He also paved the way for the entry of yet another communicator one of those whose impact was indelible in the cause of Buddhism and national regeneration.

There is no evidence, whether Piyadasa Sirisena possessed genealogical strains which played a role in shaping his eventual career as a writer. But there is clear evidence that even as a nine-year old he possessed literary skills and was able to recite a poem of his own creation at a meeting addressed by Anagarika Dharmapala in Bentota.

It was the turning point of his life. After a brief stint as a Sub Editor of a Sinhala tabloid which enabled him cut his teeth in journalism became the editor of yet another similar Buddhist publication.

As he progressed in his chosen field, Sirisena's innate nationalistic instincts made him enter into the maelstrom of the Buddhist Revivalist movement.

Piyadasa Sirisena was bold and enterprising enough to begin publishing a Sinhala newspaper - Sinhala Jathiya in 1905. He was also at one time Editor of the Sinhala Baudhaya published by the Mahabodhi Society.

In most of his literary and journalistic work the central theme was nationalism, revival of Buddhism, besides of course attacks against the British government.


Piyadasa Sirisena authored 20 novels of which the first 'Rosalyn and Jayatissa' was the most successful having sold more than 25,000 copies just in two editions. No Sinhala novel of that era or later had been as successful as 'Rosalyn and Jayatissa'. Piyadasa Sirisena also was the first novelist in this country to produce detective stories. He authored five of these and one of them 'Dingiri Menika' was made into a highly successful film in the mid 1950s.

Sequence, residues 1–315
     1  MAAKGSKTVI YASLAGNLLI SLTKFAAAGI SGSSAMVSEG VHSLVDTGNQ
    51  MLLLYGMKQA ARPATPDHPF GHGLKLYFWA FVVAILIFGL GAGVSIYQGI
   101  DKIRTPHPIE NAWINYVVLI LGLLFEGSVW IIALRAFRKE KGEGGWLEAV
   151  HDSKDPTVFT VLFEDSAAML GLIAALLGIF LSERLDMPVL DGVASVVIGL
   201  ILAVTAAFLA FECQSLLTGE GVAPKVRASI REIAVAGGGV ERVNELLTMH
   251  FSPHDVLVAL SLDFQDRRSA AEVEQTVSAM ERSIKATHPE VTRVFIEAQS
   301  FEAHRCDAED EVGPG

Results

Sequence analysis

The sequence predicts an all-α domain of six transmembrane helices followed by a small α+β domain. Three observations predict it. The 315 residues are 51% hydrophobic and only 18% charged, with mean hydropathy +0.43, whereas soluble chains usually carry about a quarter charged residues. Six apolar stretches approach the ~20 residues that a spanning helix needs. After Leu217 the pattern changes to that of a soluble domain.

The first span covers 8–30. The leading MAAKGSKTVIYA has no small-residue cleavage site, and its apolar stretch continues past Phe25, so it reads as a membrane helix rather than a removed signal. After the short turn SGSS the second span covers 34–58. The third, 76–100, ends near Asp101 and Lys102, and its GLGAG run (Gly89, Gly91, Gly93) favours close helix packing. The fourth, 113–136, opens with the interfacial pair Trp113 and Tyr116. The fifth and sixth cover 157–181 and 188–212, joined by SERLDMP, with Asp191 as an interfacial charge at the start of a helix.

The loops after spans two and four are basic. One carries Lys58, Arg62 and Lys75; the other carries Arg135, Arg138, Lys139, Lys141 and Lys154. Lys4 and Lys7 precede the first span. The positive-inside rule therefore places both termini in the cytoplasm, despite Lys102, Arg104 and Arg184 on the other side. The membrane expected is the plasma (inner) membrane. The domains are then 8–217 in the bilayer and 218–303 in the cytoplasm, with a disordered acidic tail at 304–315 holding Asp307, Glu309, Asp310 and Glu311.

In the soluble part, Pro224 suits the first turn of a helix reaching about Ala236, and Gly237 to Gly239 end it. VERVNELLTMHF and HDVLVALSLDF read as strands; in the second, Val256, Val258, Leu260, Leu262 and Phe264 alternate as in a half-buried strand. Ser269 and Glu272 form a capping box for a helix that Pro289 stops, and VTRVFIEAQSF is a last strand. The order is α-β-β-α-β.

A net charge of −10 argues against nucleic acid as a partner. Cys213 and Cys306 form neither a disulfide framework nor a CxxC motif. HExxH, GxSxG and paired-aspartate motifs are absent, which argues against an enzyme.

Besides novels he was also a poet of exceptional merit. Once again the numerous poems he created were on Buddhist, Nationalist and Historical themes that evoked in the literate local populous a love for this nation. In a fourth category of literary work Sirisena authored books which encompassed philosophical views.

Spectrum of skills

The spectrum of Piyadasa Sirisena's skills made him without doubt the most prolific writer and opinion builder during the early years of the 20th century. His impact on the revival of national sentiment through his writings remains unmatched in the modern history of this country.

We should also appreciate the astounding work capacity of Piyadasa Sirisena. It is said that at most times he slept four hours a day, educated a family of nine children and was the head of a printing establishment with 40 employees. This was in addition to the nationwide drives that he participated in work connect to the Temperance movement.

The Piyadasa Sirisena Commemoration Society salutes the memory of this great Ceylonese of his time.